Of or pertaining to the inhabitants of a land, their culture, tradition, or history.
- Down-to-earth, open-hearted.
- people who are regarded as simple, unassuming, not snobbish, etc.
- one's family or relatives; esp., one's parents
Other Word Forms of Folk
Idioms, Phrasal Verbs Related to Folk
- just folks
- just (plain) folks
- one's folks
Origin of Folk
From Middle English folk, from Old English folc, from Proto-Germanic *fulką (compare West Frisian folk, Dutch volk and German Volk), from *fulka- ("crowd, army"), possibly from Proto-Indo-European *pl̥h₁-go (compare Welsh ôl 'track', Lithuanian pulkas 'crowd', Old Church Slavonic plŭkŭ 'army division', Albanian plog 'barn, heap'; the Slavic and Lithuanian words may have been borrowed from Proto-Germanic instead). (Some have also attempted to link the word to Latin vulgus, populus or plebs.) Related to follow.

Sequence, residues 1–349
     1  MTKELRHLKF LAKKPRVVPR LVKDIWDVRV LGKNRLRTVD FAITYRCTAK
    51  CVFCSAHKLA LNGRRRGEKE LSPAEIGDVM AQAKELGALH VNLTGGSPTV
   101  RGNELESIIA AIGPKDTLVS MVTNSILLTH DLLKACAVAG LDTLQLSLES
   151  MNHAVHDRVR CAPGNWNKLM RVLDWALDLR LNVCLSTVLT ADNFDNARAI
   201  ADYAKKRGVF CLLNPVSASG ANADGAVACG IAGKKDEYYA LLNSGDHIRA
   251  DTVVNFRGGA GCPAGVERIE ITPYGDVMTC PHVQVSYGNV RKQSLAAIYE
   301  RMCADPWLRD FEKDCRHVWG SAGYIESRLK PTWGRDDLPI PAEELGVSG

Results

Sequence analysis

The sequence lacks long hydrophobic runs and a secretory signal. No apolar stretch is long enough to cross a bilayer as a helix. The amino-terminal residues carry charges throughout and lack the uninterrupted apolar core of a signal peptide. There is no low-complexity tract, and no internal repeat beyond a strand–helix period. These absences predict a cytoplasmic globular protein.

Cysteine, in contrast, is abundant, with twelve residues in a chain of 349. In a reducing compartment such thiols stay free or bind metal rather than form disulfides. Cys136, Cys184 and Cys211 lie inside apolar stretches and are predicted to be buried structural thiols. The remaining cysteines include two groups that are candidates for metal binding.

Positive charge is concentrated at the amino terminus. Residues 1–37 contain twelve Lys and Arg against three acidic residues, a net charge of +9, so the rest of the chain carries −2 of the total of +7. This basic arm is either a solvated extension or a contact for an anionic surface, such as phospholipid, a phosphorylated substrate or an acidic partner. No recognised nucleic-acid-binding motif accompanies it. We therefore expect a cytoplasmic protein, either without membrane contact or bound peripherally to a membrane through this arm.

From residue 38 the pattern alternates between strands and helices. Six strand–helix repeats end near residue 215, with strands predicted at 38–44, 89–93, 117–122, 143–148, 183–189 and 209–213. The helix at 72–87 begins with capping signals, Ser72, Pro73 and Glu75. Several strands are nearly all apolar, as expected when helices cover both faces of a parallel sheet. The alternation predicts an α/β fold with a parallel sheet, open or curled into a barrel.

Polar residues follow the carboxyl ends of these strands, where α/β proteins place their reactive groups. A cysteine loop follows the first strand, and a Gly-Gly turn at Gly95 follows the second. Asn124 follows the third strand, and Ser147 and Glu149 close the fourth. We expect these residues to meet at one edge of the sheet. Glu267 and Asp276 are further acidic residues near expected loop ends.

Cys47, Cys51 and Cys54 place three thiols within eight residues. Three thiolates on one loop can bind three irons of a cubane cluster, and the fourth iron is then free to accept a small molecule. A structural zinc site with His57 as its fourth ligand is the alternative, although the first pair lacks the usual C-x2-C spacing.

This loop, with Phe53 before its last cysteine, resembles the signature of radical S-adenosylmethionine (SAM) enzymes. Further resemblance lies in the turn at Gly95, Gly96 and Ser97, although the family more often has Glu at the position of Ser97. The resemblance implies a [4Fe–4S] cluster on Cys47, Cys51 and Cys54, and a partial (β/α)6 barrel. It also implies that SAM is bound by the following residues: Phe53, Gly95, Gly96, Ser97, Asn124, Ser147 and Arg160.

Middle English from Old English folc pelə-1 in Indo-European roots
From American Heritage Dictionary of the English Language, 5th Edition
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